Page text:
6. The ratio of the above judgment applies to the present case. The Tribunal seems to have been troubled by the fact that despite the termination arrangement with DHS the assessee did not cease to carry on the profession. This aspect of the matter has also been answered by the Supreme Court in the above judgment and it has been held that the fact that the assessee continued its business or its usual operations even after termination of the agencies was of no consequence. What appears to be the ratio of the judgment is that if the receipt represents compensation for the loss of a source of income, it would be capital and it matters little that the assessee continues to be in receipt of income from its other similar operations.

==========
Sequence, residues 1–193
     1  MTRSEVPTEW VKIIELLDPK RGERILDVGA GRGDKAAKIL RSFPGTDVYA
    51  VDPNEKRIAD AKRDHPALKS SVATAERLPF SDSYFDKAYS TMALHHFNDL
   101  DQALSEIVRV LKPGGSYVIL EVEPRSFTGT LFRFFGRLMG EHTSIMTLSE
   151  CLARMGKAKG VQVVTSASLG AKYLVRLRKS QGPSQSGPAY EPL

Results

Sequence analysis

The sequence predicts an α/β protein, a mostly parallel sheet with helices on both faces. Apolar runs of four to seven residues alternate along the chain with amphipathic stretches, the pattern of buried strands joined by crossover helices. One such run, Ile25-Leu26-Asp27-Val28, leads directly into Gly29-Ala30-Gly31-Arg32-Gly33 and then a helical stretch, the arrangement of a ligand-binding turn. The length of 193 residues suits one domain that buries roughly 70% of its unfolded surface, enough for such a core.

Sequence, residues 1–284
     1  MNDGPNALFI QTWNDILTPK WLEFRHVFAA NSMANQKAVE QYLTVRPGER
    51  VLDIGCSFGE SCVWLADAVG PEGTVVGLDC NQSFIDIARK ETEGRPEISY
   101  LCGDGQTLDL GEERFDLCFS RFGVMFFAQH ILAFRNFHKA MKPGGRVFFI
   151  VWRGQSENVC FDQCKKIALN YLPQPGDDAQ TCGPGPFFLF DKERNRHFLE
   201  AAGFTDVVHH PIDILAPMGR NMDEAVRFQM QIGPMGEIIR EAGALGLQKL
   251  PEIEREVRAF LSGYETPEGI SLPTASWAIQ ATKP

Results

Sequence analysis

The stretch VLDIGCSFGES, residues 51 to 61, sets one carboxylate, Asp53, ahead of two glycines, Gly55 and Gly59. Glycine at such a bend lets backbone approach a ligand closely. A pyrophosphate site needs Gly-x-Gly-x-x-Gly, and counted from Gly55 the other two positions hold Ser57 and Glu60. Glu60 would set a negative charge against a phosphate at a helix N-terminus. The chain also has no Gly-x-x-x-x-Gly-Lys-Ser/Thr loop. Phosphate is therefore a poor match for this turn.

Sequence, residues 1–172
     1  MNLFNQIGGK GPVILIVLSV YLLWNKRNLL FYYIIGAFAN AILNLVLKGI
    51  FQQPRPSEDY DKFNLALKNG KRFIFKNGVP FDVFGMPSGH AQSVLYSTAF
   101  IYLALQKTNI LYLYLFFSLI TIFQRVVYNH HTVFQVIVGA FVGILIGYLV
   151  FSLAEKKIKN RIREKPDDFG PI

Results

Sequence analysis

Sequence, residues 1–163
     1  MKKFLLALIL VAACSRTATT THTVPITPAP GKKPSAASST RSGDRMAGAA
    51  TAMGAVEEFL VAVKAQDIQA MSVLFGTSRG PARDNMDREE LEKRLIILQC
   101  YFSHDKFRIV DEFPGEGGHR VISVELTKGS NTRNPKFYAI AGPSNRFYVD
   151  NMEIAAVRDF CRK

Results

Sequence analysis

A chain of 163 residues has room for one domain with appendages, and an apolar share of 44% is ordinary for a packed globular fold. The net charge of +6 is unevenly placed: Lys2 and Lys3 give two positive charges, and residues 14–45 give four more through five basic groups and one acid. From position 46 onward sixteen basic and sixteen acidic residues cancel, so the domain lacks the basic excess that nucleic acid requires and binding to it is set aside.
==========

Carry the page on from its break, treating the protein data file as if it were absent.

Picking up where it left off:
7. We may refer to one more judgment of the Supreme Court which is reported as Oberoi Hotel (P.) Ltd. v. CIT  236 ITR 903. There the assessee was operating, managing and administering several hotels across the globe such as Cairo, Colombo, Kathmandu, Singapore, etc. Its agreement with Hotel Oberoi Imperial, Singapore, which it was operating from 02.11.1970 was terminated and the assessee received a sum of Rs. 29,47,500/- from the receiver of the Singapore Hotel. The Supreme Court held that the amount was received because the assessee had given up its right to purchase or operate the property and thus it was a loss of a source of income. The receipt was accordingly held to be capital in nature. It was observed, after a review of the earlier cases, that ordinarily compensation for loss of office or agency is to be regarded as a capital receipt and the only exception where the payment received for termination of an agency agreement could be treated as revenue was where the agency was one of many which the assessee held and its termination did not impair the profit-making structure of the assessee, but was within the framework of the business, it being a necessary incident of the business that existing agencies may be terminated and fresh agencies may be taken. It is somewhat difficult to conceive of a professional firm of chartered accountants entering into such arrangements with international firms of chartered accountants, as the assessee in the present case had done, with the same frequency and regularity with which companies carrying on business take agencies, simultaneously running the risk of such agencies being terminated with the strong possibility of fresh agencies being taken. In a firm of chartered accountants there could be separate sources of professional income such as tax work, audit work, certification work, opinion work as also referred work. Under the arrangement with DHS there was a regular inflow of referred work from DHS through the Calcutta firm in respect of clients based in Delhi and nearby areas. There is no evidence that the assessee-firm had entered into similar arrangements with other international firms of chartered accountants. The arrangement with DHS was in vogue for a fairly long period of time -13 years- and had acquired a kind of permanency as a source of income. When that source was unexpectedly terminated, it amounted to the impairment of the profit-making structure or apparatus of the assessee-firm. It is for that loss of the source of income that the compensation was calculated and paid to the assessee. The compensation was thus a substitute for the source. In our opinion, the Tribunal was wrong in treating the receipt as being revenue in nature.